Thursday, February 23, 2006

A Strange Request

Made a trip to Osage yesterday for a meeting, lunch, and then spent some time with Kelli. We always have a nice time together and I'm so thankful for this new friendship. When I was about to leave, I made what some would think to be a very strange request: "can I visit your chickens?" Kelli happily obliged and played "tour guide" around the farmyard pointing out the different breeds of chickens, cattle & hogs. I love the sweet smell of the barnyard and the soft cackle of the chickens made me feel at peace. I brought home a little sunshine with two dozen of the most beautiful eggs I have ever seen - - they are worth way more than you charge, Kelli!
It wasn't so long ago that this kind of barnyard was a common scene throughout America. We've really lost something very crucial to the balance of our lives. We don't understand where our food comes from. We don't have a relationship with the land. We don't really know our neighbors. We're losing small communities because we're losing farmers.

All is not lost, however. We can reclaim the economic health and quality of life in our rural communities by purchasing goods and services from local merchants, listening to our neighbors, and buying locally grown/raised food. Is this a strange request, too? I don't think so...we all win in the long run.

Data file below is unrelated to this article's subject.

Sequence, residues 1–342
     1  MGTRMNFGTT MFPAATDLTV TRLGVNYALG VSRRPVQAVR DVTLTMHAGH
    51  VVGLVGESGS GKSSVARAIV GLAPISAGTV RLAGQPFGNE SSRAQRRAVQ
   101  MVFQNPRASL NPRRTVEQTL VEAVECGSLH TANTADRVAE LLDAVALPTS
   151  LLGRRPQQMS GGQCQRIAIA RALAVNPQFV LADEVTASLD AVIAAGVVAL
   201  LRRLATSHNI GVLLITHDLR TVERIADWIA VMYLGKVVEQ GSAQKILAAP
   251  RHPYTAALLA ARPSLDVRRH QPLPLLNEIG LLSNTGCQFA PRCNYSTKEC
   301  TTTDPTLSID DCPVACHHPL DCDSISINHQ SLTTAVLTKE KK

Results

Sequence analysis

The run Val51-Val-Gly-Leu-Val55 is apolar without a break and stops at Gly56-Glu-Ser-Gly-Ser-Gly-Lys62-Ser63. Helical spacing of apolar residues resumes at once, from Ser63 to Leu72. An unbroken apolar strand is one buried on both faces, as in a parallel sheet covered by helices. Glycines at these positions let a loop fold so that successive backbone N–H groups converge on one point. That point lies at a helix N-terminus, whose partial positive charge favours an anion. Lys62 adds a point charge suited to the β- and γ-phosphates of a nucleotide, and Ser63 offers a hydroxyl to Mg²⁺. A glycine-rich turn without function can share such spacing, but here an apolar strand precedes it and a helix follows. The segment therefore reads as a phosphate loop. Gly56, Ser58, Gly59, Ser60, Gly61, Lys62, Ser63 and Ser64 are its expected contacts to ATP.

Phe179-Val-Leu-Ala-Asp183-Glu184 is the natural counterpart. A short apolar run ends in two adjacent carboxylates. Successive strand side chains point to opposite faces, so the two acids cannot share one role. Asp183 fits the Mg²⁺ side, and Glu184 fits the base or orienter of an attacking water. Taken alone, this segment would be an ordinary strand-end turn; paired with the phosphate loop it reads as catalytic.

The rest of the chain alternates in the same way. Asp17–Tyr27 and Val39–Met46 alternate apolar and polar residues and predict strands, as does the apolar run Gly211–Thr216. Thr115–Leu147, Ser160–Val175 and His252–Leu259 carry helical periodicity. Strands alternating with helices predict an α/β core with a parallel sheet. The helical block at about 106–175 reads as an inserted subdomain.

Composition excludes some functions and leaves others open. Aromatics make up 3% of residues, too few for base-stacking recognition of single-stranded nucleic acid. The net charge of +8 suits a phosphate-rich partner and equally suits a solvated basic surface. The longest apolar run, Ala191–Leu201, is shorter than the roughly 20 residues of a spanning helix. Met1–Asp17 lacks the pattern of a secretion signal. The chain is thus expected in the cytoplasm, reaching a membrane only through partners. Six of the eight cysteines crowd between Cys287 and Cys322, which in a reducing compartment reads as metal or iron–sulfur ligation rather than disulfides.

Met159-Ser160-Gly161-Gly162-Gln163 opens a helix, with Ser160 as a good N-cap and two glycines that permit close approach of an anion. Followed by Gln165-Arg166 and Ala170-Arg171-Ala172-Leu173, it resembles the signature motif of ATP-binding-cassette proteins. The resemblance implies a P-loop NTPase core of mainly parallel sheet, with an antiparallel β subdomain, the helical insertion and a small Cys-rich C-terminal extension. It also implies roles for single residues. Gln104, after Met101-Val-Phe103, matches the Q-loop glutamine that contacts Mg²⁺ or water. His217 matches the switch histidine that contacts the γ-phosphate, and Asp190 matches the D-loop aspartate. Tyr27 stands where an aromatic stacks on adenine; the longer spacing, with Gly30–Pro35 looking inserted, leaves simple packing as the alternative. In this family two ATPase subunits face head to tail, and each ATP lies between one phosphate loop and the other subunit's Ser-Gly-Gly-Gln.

[Edited to add:] There must be something in the moon, because Between Plow and Wood had a similar post today...or is this what they call a "revolution."

[Edited to add:] On the way, I came upon a field with at least 100 wild turkeys - - beautiful sight!

2 comments:

Nancy Dancehall said...

Hi There,
I followed you back from Des Moines Girl's site.

"It wasn't so long ago that this kind of barnyard was a common scene throughout America. We've really lost something very crucial to the balance of our lives...etc."

I couldn't agree with you more. I grew up in Illinois, where bought our beef and pork directly from the farmer, and shopped our favorite roadside produce stands every summer. In the spring, we went to the strawberry farm to pick our own, and in the fall, we did the same at a local apple orchard. These are some of my happiest memories. It's such a travesty that this way of life is disappearing. The life most people live right now is totally unsustainable on a physica, psychological and spiritual level.

Sorry to leave such a long post, but this is one of my hot buttons! Good luck to you and your family. I hope you find your dream fulfilled on your three acres.

Gracious Acres said...

ND~
Thanks for your comments. I can tell that you're a "take no prisoners" kind a gal. We can all be part of the revolution and take back our food and sustainable lives, little by little by refusing to buy into the "Walmartization" of America. Keep up the good fight!